"Some men see things as they are and say 'Why?' I dream things that never were and say, 'Why not?'"
LBJ Library photo by Yoichi R. Okamoto [Public domain]“Let us dedicate ourselves to what the Greeks wrote so many years ago: to tame the savageness of man and make gentle the life of this world” (qtd in Slack). Robert Francis Kennedy was born November 20, 1925, into a family of politicians and aristocrats, the most notable of them being his father Joseph Kennedy, who served as a US ambassador to the UK, and, of course, his older brother John F. Kennedy, who would become President in 1961 (History.com Editors). As a child, RFK worked tirelessly to overcome his title of “runt.” Kennedy continued to use his perseverance through his life, later graduating from Harvard in 1948 and earning his law degree from the University of Virginia in 1951 (History.com Editors.) RFK started his governmental career working as a lawyer on the McCarthy subcommittee investigating communist ties in the US Government. He later left the committee due to McCarthy’s brutal tactics, and he proceeded on to other committees, including one investigating Jimmy Hoffa’s mob ties (“Robert Francis Kennedy”). After serving as campaign manager for his brother's presidential election, Robert F. Kennedy was nominated to the office of US Attorney General. As Attorney General, RFK fought for civil rights and led a crusade against organized crime. JFK’s death in 1963 fundamentally changed RFK, making him less conservative and awakening within him a desire to make the world a better place. After his tenure as attorney general, Kennedy ran successfully for senator of New York. As a senator, Kennedy continued his crusade to improve the world, advocating for the implementation of social policies to improve society. In early 1968, RFK decided to run for the presidential election (“Robert F. Kennedy”). On June 5th, he won the California primary, but, directly after giving a speech celebrating his success, he was shot by a Jordanian extremist and died a day later. Kennedy's death was recognized across the nation as the loss of both a great leader and an inspiration. Robert F. Kennedy stood out as a servant of justice who took down organized crime while supporting social justice for all, a compassionate leader who stood up for the downtrodden of society, and an extraordinarily brave man who wasn’t afraid of risking his life for the benefit of others.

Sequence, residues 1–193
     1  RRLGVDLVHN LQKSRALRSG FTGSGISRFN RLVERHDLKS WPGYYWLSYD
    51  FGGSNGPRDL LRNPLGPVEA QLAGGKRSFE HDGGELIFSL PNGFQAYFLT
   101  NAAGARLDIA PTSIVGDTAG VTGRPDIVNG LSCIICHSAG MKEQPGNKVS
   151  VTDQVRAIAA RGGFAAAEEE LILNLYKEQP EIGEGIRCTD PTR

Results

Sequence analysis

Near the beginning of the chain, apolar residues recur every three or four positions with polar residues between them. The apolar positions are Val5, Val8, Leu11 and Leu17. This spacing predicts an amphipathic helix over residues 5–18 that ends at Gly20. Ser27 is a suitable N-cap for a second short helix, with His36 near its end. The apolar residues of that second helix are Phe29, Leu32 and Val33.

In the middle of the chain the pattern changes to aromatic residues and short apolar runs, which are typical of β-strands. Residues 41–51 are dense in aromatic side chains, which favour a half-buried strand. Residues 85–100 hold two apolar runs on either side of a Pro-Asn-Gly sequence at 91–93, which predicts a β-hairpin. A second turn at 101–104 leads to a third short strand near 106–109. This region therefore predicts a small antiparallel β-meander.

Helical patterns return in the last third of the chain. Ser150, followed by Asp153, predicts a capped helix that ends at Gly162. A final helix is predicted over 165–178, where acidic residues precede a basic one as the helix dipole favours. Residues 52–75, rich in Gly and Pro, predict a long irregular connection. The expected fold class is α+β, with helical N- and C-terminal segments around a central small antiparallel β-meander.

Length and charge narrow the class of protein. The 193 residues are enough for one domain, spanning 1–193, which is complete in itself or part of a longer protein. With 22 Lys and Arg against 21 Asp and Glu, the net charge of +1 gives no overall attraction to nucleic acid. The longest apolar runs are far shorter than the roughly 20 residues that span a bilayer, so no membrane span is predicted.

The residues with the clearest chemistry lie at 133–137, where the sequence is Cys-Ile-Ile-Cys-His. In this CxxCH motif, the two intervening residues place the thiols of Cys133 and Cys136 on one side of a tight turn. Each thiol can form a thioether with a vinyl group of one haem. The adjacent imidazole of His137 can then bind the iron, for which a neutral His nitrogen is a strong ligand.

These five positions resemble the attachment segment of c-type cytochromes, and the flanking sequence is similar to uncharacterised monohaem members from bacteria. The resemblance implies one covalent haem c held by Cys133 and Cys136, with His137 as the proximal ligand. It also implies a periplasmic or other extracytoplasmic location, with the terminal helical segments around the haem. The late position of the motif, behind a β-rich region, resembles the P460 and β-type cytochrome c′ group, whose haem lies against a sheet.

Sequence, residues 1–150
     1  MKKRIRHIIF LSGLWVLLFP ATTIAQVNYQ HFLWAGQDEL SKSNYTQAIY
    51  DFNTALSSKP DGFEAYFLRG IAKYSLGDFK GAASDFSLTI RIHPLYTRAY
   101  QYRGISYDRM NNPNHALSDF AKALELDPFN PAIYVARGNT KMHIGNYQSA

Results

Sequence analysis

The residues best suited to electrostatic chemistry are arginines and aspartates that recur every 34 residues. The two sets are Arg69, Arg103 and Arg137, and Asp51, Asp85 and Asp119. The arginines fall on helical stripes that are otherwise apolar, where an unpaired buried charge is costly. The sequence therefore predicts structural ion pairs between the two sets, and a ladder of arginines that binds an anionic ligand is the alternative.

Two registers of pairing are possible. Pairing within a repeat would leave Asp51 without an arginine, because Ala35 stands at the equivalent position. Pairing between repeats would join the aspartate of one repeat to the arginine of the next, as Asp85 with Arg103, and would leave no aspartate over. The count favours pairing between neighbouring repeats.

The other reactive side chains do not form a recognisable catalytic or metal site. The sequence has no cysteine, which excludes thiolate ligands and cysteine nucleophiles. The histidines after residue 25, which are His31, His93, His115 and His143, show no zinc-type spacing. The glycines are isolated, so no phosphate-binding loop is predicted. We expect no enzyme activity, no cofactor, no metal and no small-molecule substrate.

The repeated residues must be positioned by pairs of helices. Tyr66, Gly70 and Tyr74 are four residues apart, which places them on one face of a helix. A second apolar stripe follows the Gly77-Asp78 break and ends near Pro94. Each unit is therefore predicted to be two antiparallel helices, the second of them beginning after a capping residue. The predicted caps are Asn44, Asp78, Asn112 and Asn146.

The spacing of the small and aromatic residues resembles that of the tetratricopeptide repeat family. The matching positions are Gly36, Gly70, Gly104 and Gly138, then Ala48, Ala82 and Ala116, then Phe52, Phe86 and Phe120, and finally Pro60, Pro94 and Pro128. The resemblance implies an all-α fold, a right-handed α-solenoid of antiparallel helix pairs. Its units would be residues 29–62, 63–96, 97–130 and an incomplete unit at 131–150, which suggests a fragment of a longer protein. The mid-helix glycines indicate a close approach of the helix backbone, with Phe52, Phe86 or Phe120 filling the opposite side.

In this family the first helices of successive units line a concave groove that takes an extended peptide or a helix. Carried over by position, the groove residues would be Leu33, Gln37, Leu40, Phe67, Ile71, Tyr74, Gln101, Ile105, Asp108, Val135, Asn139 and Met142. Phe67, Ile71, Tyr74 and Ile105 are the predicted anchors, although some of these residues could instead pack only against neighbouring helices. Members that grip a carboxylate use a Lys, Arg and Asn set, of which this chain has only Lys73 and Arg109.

Robert F. Kennedy stood as a pillar of justice, taking down organized crime while also enforcing the law no matter the situation. Organized crime was largely overlooked in America until RFK became the Chief Counsel of the Senate Racketeering Committee, where "[h]e conducted an aggressive investigation into the Teamsters union, focusing on the organization's officials and their handling of union funds as well as their ties to organized crime. The clashes between Kennedy and Teamsters President Jimmy Hoffa made headlines nationwide, and Hoffa was eventually imprisoned for jury tampering and misusing union funds" (“Robert F. Kennedy”). Hoffa was popular and well-connected with both politicians and the criminal underworld; in short, he seemed untouchable. In going after (and later arresting) Hoffa, Kennedy demonstrated that nobody is exempt from the law in spite of their social and political status. As Attorney General, RFK reacted to attempts to bar a black student from entering the University of Mississippi by “[sending] thousands of federal troops to Oxford, Mississippi, to enforce a U.S. Supreme Court order admitting the first black student, James Meredith, to the University” (History.com Editors). At the time, the South was heavily segregated, and attempts to desegregate were strongly resisted. RFK knew this, which made his decision to implement integration all the more important. By enforcing the Supreme Court's ruling, RFK proved he was compelled by the pursuit of justice instead of trivial concerns such as popularity. Kennedy’s action of sending in “thousands of federal troops” shows that he would also go to extreme lengths to see justice done. As an attorney for the government “[RFK] became a tireless pursuer of injustice. To his admirers he was dogged, determined, and brave; to his detractors he was ‘ruthless’--a word that would be used to attack him for years to come” (Frost). Robert Kennedy was simply obsessed with the implementation of justice. This is evidenced by the use of “determined” and “ruthless” to describe him, both of which suggest his incredible commitment to prevailing justice. Finally, his approach towards crime was best summed up by Garry Wills, who stated: “He not only wanted to win... but to destroy evil" (qtd in Frost). In conclusion, RFK was an unyielding force of justice who stop at nothing to enforce it.